The Big 12 was won, the goalposts came down and the Tostitos were hoisted into the air. Oklahoma State had completed its greatest football season.
But the goalposts have been replaced and the records wiped clean for a new season. The goal remains the same—a Big 12 Championship. It also leads to the question……where does the program go from here?
The intention is to continue to move up, but with a conference title in the bag and a true freshman quarterback expected to throw up to 40 times a game, finishing in the top half of the conference would likely be an acceptable result in the eyes of the fans. A BCS game would not be unreasonable, yet contending for the national championship would be a stretch after losing the greatest quarterback and receiver Stillwater has seen.
Although this team may no longer have a Justin Blackmon or Kendall Hunter type of player to take over games on offense (though Joseph Randle may prove this sentiment wrong) the goal of achieving nine wins for a fifth consecutive season is a burden this year’s team uses to push ever more this summer.
“I think our team has changed because they’ve won so many games that they kind of expect to win,” Gundy said. “Their disappointment with not winning is much greater than it use to be.”
The biggest question has been and will continue to evolve around Wes Lunt, the true freshman quarterback who could well be a Weeden prototype. He has the big arm, the height, the poise in the pocket.
Yet doubts will remain until he makes it through his first season. Will he flinch when 6-foot-5 defensive tackles are sprinting directly at him on third down? Will the pressure of being the big man on campus in front of 60,000 cause a mental breakdown? Will he have the patience and poise to rally the Cowboys late in games in places such as Norman and Manhattan?
The receivers, albeit nowhere near the level of Blackmon, will make Saturday’s more accommodating for Lunt. Blake Jackson, Josh Stewart, Tracy Moore and Isaiah Anderson are players who can easily get 100 yards receiving in a game.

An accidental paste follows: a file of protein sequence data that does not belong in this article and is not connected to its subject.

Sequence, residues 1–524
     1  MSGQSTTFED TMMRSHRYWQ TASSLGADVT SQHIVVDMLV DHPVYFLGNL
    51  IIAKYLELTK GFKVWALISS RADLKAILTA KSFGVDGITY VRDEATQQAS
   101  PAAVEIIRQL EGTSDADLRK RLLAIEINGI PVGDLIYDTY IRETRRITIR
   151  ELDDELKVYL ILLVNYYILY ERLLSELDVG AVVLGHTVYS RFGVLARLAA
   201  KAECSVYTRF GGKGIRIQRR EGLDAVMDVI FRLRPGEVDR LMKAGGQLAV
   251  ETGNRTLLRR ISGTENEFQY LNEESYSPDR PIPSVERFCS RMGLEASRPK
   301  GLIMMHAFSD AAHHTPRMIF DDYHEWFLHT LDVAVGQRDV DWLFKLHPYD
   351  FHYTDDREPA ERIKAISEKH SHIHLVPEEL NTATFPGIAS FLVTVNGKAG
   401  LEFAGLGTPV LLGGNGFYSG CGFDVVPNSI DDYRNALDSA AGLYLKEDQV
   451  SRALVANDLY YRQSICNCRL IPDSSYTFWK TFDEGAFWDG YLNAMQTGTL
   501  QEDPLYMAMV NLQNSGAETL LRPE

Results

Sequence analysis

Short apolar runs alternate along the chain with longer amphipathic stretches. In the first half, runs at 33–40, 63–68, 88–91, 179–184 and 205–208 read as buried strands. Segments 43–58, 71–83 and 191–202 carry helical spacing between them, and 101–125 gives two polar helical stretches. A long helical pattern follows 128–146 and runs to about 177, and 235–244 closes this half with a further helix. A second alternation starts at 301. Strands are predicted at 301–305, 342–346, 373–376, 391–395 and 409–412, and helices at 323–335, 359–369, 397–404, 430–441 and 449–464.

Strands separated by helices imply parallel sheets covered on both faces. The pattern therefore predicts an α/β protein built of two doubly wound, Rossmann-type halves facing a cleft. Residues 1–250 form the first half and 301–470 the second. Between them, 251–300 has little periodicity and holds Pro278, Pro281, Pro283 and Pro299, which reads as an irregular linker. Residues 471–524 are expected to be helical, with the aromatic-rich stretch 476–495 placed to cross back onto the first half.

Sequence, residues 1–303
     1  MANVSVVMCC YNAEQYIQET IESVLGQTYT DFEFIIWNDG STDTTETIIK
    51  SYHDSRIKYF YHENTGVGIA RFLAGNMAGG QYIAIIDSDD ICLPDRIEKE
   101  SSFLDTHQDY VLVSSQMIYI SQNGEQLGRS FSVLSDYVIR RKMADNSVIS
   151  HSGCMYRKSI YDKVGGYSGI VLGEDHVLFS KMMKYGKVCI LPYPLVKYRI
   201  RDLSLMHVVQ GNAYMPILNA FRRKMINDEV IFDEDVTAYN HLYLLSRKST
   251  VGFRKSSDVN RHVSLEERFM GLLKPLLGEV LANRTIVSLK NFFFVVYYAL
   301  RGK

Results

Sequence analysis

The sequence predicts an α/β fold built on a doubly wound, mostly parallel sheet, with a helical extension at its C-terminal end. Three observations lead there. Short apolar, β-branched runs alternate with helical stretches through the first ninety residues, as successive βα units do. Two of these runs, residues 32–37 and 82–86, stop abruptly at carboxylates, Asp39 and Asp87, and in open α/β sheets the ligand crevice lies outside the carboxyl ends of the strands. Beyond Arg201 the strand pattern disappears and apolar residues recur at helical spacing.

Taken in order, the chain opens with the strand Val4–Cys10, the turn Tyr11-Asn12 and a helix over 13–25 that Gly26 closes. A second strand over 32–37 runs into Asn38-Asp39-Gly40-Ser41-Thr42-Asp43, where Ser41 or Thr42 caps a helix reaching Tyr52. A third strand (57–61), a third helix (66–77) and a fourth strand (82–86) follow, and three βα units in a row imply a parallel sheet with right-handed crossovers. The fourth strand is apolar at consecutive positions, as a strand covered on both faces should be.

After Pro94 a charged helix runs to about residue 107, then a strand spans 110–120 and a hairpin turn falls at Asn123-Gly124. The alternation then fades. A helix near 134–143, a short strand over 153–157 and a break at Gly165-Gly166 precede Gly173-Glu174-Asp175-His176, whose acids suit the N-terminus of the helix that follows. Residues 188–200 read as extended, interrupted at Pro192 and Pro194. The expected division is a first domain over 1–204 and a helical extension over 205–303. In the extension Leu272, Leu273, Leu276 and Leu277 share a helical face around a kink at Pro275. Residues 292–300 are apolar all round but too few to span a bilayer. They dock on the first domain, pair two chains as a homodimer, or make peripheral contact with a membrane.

Lunt’s best friend will be Randle and Lane Taylor, the team’s offensive MVPs. Randle proved himself as a versatile back last season who can pose a serious threat running and receiving, while Taylor is a four-year starter who has always been consistently solid in protecting the quarterback.
Least we forget about the defense, where the linebackers are one of the best groups in the country. Expect to see lots of Alex Elkins, for he will be involved in almost every play. The defensive line, a position known to be the thinnest on the depth chart the past three seasons, could now be the deepest. Nigel Nicholas will be a force off the edge after moving to defensive end to complement Cooper Bassett, and Anthony Rogers and Calvin Barnett will occupy opposing offensive linemen inside.
The issue of depth now moves to the secondary, but it won’t be a problem if the starters can stay healthy. Daytawion Lowe proved himself as a starting safety last season, and Justin Gilbert, Brodrick Brown and Devin Hedgepeth are quite the trio to cover receivers in what is known as a pass-happy league.
Kicking is never a concern with Quinn Sharp almost always booting kickoffs out of the back of the end zone and pinning his punts deep in opposing territory. Kickoff returns (Gilbert, Stewart), are another strength, but punt return has continued to be an adventure the past two years with OSU ranking as one of the worst in return yards the past two years.
There’s your sparknote version of this year’s Cowboys. The first true test, assuming all goes to plan on the road at Arizona, will be Texas. The outcome will determine whether this team is another building block to a national contender or a struggle to retain relevancy in 2012.